Bob Gardner, author of the The Complete Private Pilot textbook and syllabus, has created a companion sport pilot curriculum and syllabus available for free download. The materials provide information needed for flight schools, flight instructors, and students to follow the private pilot course modified to meet the sport pilot requirements. For more information and a link to the PDF file, see the ASA Web site.
Note: Products listed have not been evaluated by ePilot editors unless otherwise noted. AOPA assumes no responsibility for products or services listed or for claims or actions by manufacturers or vendors.
Question: I was reading through a list of notams and noticed that many included the phrase “wie until ufn.” What exactly does this mean?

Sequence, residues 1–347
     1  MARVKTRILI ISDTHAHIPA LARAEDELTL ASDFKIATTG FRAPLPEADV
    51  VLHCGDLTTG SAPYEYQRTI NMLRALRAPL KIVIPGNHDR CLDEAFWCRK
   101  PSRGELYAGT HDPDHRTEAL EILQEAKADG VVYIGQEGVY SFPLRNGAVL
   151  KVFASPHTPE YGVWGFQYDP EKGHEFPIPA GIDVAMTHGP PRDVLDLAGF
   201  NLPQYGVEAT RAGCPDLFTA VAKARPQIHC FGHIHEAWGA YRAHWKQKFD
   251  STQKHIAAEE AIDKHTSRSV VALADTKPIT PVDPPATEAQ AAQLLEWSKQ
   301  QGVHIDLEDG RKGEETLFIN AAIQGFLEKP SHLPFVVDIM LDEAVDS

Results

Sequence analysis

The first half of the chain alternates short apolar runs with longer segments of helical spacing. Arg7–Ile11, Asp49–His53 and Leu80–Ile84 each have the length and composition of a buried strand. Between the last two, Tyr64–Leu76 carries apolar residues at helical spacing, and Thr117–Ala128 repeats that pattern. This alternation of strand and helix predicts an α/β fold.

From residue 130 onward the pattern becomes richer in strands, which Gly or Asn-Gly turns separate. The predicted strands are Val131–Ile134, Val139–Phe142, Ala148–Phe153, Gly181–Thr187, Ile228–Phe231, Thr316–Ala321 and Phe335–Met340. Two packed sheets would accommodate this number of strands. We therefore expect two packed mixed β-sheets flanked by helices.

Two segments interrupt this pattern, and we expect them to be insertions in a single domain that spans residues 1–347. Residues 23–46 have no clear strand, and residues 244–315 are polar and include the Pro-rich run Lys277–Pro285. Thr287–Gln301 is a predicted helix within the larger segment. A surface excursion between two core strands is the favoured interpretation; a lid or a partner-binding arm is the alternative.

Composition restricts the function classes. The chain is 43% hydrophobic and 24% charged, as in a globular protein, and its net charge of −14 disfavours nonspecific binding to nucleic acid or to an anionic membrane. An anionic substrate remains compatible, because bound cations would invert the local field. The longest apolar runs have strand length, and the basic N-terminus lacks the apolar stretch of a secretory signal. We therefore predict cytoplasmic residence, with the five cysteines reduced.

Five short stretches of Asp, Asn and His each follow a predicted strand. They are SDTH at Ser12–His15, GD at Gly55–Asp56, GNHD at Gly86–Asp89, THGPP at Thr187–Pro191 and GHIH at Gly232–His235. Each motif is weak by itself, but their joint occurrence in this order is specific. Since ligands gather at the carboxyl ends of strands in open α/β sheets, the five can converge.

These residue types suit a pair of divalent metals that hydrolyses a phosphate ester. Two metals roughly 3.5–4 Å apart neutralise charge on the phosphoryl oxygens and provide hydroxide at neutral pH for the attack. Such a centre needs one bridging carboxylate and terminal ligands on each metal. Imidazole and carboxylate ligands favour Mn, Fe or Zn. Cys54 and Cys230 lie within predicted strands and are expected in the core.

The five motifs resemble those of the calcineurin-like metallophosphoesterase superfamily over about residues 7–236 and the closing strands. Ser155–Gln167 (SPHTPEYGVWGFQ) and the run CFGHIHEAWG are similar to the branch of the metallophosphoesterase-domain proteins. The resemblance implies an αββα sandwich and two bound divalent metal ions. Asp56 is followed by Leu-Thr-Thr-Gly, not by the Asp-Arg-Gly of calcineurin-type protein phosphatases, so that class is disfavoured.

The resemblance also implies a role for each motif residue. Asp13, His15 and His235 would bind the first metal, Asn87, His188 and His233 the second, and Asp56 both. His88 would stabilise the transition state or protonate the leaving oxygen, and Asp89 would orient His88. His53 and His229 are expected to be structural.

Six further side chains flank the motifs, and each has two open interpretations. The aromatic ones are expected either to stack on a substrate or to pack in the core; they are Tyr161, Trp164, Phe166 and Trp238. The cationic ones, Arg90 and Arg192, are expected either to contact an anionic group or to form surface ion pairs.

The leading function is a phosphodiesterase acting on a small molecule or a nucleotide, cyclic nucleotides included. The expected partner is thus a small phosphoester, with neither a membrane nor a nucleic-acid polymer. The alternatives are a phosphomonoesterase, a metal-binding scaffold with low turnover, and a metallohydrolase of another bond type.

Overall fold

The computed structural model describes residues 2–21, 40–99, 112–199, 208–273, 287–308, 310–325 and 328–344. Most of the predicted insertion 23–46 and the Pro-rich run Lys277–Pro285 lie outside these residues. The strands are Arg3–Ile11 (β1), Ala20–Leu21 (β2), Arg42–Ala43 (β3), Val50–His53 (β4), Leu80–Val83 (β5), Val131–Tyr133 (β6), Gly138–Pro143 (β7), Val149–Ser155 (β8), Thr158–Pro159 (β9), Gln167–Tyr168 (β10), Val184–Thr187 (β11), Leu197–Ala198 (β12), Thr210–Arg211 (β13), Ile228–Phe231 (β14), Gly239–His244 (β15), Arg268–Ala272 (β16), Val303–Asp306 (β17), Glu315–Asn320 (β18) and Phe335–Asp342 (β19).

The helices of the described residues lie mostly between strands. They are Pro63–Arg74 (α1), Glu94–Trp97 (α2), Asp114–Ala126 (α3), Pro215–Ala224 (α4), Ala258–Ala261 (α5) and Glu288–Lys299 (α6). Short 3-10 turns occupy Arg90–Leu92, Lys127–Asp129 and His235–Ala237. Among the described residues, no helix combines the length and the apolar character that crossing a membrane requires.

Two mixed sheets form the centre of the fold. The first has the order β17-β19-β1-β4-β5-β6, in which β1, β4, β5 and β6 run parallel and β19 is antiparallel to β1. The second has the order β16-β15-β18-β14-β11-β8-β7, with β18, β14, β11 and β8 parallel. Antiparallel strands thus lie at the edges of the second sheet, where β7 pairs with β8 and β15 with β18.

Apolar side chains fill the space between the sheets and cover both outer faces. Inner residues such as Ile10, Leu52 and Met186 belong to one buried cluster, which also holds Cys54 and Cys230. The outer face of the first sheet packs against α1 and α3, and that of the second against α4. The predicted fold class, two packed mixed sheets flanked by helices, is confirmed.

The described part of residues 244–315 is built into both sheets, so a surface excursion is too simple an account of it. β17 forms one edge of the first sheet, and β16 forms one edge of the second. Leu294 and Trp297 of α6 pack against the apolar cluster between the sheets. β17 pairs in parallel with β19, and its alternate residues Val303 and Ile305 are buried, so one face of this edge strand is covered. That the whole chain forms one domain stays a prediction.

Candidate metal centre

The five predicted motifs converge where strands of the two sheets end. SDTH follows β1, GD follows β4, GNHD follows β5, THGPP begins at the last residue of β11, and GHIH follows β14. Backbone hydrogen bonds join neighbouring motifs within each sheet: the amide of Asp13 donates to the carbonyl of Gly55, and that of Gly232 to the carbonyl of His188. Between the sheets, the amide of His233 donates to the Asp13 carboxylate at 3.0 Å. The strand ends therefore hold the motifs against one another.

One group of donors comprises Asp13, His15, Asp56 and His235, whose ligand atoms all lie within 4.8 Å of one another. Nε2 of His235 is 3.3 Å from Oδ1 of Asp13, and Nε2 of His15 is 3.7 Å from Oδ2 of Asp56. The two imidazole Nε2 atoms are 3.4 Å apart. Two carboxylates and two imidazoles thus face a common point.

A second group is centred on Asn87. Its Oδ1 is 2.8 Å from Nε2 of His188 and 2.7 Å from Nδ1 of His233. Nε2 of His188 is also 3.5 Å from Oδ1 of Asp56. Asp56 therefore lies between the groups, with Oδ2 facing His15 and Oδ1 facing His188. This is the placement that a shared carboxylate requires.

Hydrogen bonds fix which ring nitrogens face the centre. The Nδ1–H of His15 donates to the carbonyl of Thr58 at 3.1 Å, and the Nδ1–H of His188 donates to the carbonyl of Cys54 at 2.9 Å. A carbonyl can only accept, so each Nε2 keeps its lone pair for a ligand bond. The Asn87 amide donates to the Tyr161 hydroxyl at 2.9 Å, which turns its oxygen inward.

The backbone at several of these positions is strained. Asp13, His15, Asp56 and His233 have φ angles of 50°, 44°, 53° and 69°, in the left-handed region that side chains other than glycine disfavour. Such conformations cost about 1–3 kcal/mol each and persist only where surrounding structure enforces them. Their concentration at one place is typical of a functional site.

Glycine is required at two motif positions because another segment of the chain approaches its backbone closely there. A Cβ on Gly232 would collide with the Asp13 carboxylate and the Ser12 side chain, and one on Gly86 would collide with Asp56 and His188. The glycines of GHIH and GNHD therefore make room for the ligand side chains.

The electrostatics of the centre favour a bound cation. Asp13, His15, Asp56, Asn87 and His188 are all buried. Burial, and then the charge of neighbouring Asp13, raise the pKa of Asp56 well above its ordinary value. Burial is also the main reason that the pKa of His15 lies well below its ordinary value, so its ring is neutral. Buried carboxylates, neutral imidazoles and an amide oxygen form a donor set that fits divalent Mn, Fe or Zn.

Answer: The contraction “wie until ufn” means “with immediate effect until further notice.” The notam that you are reading would be in effect immediately and remain so until further notice. Notam contractions are listed on the FAA’s Web site. Pilots can view current notams online through the FAA’s NAIMES PilotWeb NOTAM System or listen to them by calling Flight Service at 800/WX-BRIEF. AOPA members can view current security notams, including graphics and plain-English translations, on AOPA Online.
Got a question for our technical services staff? E-mail [email protected] or call the Pilot Information Center, 800/872-2672. Don't forget the online archive of "Final Exam" questions and answers, searchable by keyword or topic.
Pilots love to take photos, and they love to share them with other pilots. Now you can upload your flying photos to our online gallery, "Air Mail." Share your special aviation images, or view and rate more than 2,000 photos and counting. Highly rated photos will get put into rotation on the AOPA home page!
AVIATION EVENTS & WEATHER